The proposal by a "working group" of the ICC's Finance & Commercial Affairs (F&CA) to revamp ICC administration and distribution of its earnings, has recommended the introduction of a revenue stream for Full Members called, under various heads, "Distribution Costs/Contribution Costs/Participation Fee" to be earned from ICC's gross revenues and distributed to members through a graded percentage share, worked out by a "marked scoreboard method."
According to current practice, the ICC gave 75% share of its 'surplus' (revenues minus costs) from events to ten Full Member nations and distributed the remaining 25% to Associates and Affiliates. Distributing the gross revenues on a graded percentage to ten member boards - with three, the BCCI,ECB and CA, earning more than the rest - means reducing the percentage of surplus from ICC events. This will affect the 25% share to be distributed among Associates and Affiliates (A&A), of which, the proposal recommends giving the top six half the share of the 25%.
The "position paper" drafted by the F&CA committee's "working group" effectively cedes most executive decision-making in the ICC and control of its finances to the BCCI, Cricket Australia and the ECB. A draft proposal on these lines will be presented to the ICC Executive Board during its quarterly meeting in Dubai on January 28 and 29.
The "marked scoreboard method" cited as a benchmark for the percentage distribution of gross revenues will be based on four parameters: revenue contributed to the ICC, historical ICC membership, on-field performance over past 20 years in men's and women's competitions and domestic development performance.
The draft document states that during the last ICC media rights and sponsorship process, the "value contribution" of India was over 80% while the contribution of other Full Members ranged from 0.1% to 5%. There is no supporting evidence of this estimate available in the document, but the working paper states that "calculations have been worked on and negotiated by BCCI, CA and ECB. Agreed principles are sound and breakup between categories appropriate."
Given that revenue contributed to the ICC is a major parameter for the contribution/ distribution cost, the BCCI could earn $63 million and the BCB nothing as "Contribution" fees from the current revenue levels of $1.5 billion. Should the revenue increase, the BCCI, the ECB and the CA stand to gain a much larger share (If revenue levels rise to $3.5 billion, the BCCI could earn $766 million).
These earnings will be over and above the share of the surplus: each Full Member board would earn $52 million at current revenue levels, but an estimated $85 million if revenue increases to $3.5 billion.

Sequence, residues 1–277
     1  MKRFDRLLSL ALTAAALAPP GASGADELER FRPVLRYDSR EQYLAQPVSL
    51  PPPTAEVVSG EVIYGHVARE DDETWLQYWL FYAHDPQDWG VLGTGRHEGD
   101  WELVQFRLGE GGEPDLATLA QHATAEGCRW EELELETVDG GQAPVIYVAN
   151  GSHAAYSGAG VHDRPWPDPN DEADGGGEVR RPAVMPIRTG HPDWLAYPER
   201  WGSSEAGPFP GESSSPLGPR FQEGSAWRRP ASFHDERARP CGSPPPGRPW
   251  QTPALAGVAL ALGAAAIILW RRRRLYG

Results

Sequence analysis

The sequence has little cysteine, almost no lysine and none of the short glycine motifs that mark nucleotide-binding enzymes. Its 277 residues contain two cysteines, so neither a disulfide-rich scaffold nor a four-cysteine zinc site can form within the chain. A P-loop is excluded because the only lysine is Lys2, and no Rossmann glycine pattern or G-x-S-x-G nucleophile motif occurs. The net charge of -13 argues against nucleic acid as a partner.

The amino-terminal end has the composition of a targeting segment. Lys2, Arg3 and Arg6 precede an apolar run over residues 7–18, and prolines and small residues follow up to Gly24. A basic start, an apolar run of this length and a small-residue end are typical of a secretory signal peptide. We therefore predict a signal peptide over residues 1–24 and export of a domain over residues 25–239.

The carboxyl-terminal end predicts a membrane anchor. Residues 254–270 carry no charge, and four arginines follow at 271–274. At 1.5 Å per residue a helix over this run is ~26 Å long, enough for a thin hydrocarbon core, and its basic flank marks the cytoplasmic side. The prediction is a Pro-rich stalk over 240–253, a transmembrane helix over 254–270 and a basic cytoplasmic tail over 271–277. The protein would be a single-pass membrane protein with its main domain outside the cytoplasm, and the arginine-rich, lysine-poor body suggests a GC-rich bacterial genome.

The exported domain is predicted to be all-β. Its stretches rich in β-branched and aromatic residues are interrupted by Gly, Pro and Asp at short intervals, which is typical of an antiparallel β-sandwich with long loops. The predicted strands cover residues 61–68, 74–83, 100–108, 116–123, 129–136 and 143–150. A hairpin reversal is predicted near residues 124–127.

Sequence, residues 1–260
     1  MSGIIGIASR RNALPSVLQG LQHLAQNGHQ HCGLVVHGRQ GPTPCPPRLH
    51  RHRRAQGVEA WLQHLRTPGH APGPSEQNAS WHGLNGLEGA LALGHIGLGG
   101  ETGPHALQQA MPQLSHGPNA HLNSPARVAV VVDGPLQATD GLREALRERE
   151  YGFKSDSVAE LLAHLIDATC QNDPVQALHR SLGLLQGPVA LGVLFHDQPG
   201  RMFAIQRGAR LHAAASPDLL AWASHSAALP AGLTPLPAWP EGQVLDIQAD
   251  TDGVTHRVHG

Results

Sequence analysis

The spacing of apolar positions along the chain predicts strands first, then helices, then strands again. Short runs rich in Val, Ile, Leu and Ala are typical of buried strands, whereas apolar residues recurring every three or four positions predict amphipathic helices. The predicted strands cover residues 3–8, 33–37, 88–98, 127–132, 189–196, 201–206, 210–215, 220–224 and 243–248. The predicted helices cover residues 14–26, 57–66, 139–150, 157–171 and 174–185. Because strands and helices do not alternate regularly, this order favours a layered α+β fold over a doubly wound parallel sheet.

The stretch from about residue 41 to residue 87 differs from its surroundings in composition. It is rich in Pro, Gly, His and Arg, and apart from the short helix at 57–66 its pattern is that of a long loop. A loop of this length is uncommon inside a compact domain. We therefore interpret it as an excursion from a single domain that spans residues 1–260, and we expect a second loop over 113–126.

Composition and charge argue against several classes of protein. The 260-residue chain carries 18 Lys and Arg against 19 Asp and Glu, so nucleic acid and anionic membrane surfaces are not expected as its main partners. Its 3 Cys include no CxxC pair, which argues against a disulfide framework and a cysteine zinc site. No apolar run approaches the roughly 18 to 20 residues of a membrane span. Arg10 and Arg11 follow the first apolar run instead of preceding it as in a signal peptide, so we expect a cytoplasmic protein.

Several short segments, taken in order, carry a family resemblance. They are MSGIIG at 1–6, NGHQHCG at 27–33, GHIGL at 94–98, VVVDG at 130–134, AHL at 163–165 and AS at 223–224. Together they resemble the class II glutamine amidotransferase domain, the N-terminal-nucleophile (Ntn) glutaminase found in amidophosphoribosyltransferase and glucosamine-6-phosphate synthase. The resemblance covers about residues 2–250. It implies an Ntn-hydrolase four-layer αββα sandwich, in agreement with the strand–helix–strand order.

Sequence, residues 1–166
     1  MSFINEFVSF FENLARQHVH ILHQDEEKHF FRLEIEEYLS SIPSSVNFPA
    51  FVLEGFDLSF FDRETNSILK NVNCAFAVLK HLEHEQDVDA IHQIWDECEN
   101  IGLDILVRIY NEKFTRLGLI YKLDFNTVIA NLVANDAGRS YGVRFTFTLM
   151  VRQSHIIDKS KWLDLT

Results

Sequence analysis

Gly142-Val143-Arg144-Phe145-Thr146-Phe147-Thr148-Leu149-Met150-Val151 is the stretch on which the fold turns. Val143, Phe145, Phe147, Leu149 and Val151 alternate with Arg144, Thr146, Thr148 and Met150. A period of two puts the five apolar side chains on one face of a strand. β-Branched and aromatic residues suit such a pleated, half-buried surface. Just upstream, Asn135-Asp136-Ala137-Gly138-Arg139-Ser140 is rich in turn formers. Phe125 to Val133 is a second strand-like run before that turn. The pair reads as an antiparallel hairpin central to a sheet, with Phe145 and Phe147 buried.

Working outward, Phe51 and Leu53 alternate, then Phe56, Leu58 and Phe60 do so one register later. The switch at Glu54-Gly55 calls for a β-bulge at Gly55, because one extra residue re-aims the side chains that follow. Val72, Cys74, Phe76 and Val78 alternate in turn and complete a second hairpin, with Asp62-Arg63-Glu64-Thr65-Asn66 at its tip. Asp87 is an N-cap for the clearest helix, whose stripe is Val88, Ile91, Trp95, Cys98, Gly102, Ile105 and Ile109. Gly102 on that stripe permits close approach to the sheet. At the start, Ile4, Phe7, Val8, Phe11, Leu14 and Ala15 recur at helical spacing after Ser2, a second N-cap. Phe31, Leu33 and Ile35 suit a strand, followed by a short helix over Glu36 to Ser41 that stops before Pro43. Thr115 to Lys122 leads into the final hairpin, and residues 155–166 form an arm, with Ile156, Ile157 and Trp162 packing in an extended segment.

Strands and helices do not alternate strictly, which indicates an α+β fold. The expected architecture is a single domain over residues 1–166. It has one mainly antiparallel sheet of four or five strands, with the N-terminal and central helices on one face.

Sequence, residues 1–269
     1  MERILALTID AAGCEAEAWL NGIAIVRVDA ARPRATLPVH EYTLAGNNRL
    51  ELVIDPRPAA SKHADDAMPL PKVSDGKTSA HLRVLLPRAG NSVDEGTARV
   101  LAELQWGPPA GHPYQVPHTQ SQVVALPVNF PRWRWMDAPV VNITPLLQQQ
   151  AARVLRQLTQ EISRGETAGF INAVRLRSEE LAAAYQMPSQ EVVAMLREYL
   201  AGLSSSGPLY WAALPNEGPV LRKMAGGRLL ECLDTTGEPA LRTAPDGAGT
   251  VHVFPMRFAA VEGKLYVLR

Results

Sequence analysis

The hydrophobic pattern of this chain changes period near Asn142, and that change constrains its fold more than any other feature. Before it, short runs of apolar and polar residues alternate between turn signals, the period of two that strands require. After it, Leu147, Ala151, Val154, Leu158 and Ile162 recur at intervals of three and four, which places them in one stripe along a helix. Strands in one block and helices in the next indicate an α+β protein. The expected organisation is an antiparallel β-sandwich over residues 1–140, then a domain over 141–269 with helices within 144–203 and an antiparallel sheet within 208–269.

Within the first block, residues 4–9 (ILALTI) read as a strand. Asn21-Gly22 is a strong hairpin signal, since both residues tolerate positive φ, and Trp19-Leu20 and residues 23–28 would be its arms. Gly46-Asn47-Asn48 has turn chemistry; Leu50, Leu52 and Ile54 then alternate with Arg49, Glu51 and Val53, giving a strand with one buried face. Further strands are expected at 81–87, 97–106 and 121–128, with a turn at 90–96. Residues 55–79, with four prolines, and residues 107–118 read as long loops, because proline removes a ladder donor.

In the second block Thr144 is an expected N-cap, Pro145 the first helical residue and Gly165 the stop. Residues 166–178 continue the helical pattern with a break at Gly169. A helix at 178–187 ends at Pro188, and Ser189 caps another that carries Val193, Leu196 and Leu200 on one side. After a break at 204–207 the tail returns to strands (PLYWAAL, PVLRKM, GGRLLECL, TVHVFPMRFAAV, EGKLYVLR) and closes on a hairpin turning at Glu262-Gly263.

The "distribution model" forms the bulk of the position paper and recommends setting up a Test Cricket Fund for six of the remaining seven members outside the BCCI-CA-ECB triumvirate. The Full Member board left out of the Fund is Cricket South Africa but the draft available does not specifically mention the omission nor its reason or purpose. The fund is set up in order to ensure that "uneconomical tours" (which do not find their way into newly recommended FTP agreements) do not lead to "no Test cricket being played - or inappropriately too little Test cricket - being played by Full Members." The fund is to be distributed among BCB, ZC, NZC, SLC, PCB and WICB, who will have to report utilisation annually to F&CA. As it is proposed, the sum will begin at a total of $30 million for a revenue level of $2.25 billion and be $90 million at a revenue level of $3.5 billion.
The development expenditure on Associates and Affiliates (A&A), according to the position paper, derives insufficient returns. It recommends the scaling down of financial authority of the Development Committee, who must now report and seek fund sources from the F&CA (which is the central recommendation committee on all financial and commercial matters, personnel, event management). Of the A&A's 25% share of the surplus, it is recommended that half should be given to the top six Associates.
The proposal also states that ICC costs can be reduced, at a conservative level, "by 15-20%" and calls for a revisiting of the vastly different operational costs for events between 2000-07 ($220 million), and 2007-15 ($317 million). The BCCI-CA-ECB have also recommended the formation of a "standing team" of representatives from each of the Boards who have a mandate to look at "every element of each ICC event and event costs" and will regularly report to the F&CA committee.
The "position paper" describes the ICC as "merely an organisation leveraging the rights for and on behalf of members by conducting events." It is observed that "members are providing their players and playing windows for ICC events," which restricts, "some members' ability to play their own events." At the moment, the ICC events requiring the players from Full Member nations and therefore affecting their player windows, are the men's and women's World Cups, the U-19 World Cup and the World T20. The Champions Trophy, begun in 1998 to initially generate ICC funding and restricted to the top eight member nations, has been called to a halt, but the proposal does refer to its reinstatement over the World Test Championship in 2017 and 2021.